When builder/craftsman Yuichi Takeuchi was asked by a friend to build a treehouse as a second residence in Fujiyoshida– an area near the base of Mount Fuji and popular for vacation residences- Takeuchi set to work searching the trees and looking for a place to rent.
“People don’t really know much about treehouses so it was quite difficult to explain what we’re going to do, explains Takeuchi. “People get scared if something wrong happens; and there’s no foundation so what to do with their tax and things; rent, that kind of thing.”
He finally found a friend who was willing to lease some land (for a decade) in the backyard of his woodworking workshop. Takeuchi then invited friends/coworkers to camp out with him and brainstorm at the site.
“I’m not a professional architect,” explains the Tokyo-based builder. “I don’t really design things I just enjoy what’s happening next. And this was designed by many of us just staying in this little house [the workshop floor] and sleep together, eat together and drink together and just keep talking about design and how we want so this was happening on the location.”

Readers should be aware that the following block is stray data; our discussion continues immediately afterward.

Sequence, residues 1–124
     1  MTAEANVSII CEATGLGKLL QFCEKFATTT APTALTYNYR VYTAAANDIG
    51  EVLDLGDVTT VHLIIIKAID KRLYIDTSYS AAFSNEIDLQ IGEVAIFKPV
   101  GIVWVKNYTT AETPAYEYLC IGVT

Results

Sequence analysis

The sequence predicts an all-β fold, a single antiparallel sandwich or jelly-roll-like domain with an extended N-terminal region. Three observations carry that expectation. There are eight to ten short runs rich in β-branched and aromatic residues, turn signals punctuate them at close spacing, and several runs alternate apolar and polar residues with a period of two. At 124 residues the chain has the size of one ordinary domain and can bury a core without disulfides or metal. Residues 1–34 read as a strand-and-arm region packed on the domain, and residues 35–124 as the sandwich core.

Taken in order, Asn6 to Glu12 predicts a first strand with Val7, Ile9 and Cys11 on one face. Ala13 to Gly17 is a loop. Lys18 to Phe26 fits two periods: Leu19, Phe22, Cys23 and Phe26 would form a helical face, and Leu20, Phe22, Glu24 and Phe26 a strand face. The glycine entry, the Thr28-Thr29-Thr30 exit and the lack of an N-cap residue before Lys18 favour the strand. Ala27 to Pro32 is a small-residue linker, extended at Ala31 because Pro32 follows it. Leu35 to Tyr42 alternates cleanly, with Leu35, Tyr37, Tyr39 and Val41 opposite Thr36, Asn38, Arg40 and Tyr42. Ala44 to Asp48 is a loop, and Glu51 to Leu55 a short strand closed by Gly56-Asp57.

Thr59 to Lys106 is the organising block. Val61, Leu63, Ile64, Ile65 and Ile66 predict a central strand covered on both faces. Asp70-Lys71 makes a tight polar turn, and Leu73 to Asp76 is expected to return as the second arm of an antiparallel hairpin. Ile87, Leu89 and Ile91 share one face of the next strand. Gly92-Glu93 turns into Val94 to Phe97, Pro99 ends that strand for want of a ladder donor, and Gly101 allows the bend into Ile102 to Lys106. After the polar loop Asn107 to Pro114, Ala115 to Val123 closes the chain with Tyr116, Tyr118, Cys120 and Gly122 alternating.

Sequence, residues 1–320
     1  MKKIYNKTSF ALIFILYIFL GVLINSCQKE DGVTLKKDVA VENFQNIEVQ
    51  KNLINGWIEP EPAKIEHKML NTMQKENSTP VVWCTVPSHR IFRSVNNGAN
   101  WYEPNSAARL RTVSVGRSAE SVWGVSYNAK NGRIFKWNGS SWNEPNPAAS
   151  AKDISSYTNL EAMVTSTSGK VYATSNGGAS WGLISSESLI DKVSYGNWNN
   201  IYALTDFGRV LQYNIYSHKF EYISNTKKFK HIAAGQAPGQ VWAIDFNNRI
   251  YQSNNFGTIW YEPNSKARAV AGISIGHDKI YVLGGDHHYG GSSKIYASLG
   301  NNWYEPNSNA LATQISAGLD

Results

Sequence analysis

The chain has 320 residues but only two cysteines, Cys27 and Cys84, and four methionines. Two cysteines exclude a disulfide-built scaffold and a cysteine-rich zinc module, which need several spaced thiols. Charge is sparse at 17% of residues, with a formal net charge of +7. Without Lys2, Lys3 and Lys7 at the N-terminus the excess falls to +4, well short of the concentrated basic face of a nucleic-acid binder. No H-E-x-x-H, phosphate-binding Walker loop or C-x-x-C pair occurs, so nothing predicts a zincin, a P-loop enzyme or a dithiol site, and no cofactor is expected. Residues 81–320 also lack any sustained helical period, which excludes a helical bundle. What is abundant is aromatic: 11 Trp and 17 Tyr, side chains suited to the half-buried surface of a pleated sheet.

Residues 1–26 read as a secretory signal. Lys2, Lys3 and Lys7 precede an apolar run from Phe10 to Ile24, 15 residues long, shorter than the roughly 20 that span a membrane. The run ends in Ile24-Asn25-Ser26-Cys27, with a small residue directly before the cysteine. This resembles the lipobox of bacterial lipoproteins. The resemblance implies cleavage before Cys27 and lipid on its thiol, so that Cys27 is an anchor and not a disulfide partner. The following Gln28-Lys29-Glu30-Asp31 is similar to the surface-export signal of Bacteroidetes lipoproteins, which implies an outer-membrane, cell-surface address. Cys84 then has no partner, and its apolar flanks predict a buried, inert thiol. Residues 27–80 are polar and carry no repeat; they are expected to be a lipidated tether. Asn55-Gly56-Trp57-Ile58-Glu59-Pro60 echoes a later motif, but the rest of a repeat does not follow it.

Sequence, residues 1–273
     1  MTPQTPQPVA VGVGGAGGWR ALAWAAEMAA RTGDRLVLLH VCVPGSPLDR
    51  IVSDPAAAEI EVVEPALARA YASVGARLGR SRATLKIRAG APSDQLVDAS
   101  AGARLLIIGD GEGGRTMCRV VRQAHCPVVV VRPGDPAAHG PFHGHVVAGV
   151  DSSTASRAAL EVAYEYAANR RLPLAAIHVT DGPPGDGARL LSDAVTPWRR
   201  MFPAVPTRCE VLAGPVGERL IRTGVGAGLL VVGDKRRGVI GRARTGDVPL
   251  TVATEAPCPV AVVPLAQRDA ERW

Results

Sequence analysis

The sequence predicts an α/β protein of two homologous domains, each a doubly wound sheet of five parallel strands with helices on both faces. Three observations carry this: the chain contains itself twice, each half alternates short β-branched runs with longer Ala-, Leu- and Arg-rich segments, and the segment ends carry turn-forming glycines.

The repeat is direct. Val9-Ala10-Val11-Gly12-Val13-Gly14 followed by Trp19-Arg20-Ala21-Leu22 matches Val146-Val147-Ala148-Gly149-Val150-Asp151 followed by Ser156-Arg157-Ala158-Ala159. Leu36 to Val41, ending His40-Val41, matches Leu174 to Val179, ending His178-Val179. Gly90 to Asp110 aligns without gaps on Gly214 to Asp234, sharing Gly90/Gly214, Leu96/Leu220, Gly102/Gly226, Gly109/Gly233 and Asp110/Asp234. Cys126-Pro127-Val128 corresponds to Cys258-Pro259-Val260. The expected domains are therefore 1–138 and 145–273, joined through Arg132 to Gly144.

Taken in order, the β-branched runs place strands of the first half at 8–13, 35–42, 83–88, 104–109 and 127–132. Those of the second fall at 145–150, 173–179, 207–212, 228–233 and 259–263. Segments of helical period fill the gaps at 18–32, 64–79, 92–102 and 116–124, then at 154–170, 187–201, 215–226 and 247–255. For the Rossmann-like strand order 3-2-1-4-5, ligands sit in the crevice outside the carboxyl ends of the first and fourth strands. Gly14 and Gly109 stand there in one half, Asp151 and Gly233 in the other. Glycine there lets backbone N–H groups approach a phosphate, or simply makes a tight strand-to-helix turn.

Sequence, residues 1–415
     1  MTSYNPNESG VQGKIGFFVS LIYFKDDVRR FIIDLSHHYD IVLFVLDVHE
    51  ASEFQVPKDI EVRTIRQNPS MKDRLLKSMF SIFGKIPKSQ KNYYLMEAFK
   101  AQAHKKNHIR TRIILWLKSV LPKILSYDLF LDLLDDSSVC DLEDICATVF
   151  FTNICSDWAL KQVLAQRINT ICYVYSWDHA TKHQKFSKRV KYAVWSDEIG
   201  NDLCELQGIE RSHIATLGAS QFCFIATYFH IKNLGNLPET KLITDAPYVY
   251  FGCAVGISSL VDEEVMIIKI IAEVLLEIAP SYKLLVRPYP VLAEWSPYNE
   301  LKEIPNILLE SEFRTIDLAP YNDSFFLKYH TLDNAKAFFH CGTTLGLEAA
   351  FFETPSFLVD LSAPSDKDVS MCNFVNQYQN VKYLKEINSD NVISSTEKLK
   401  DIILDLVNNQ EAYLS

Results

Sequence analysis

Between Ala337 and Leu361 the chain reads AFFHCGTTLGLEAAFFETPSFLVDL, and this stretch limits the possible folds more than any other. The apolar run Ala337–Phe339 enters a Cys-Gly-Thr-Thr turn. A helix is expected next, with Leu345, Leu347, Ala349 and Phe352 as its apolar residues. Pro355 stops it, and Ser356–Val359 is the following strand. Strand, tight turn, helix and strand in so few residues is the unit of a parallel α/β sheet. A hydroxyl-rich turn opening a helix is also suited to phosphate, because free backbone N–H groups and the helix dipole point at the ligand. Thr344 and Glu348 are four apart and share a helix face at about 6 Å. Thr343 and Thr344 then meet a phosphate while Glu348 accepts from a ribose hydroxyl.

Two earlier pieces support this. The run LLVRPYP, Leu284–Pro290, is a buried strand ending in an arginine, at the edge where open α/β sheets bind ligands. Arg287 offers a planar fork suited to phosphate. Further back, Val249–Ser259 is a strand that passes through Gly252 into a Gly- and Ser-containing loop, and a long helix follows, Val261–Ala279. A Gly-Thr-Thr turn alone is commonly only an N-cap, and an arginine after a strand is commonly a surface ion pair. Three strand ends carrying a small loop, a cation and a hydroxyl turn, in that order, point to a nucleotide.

Together Takeuchi and his friends from Tree Heads & Co. began constructing a tiny cabin (“about 4 and a half tatami mats”) perched 20 feet high on two young trees. It’s constructed from Japanese cypress, mostly from trees felled by Takeuchi within a couple miles of the property.
The tiny elevated home is furnished with just a carpet- the part-time residents roll out sleeping bags at night- and a kitchen of rice cooker and camping stove.
“I at first didn’t like the height. I was afraid of heights,” explains Takeuchi. “Since I started to know the treehouses I forgot about that feeling and since then I’m kind of crazy about being in the trees… if you go up in here it’s just simple, tree and me. That makes me feel very good and there’s no other reason, it’s just to feel good.”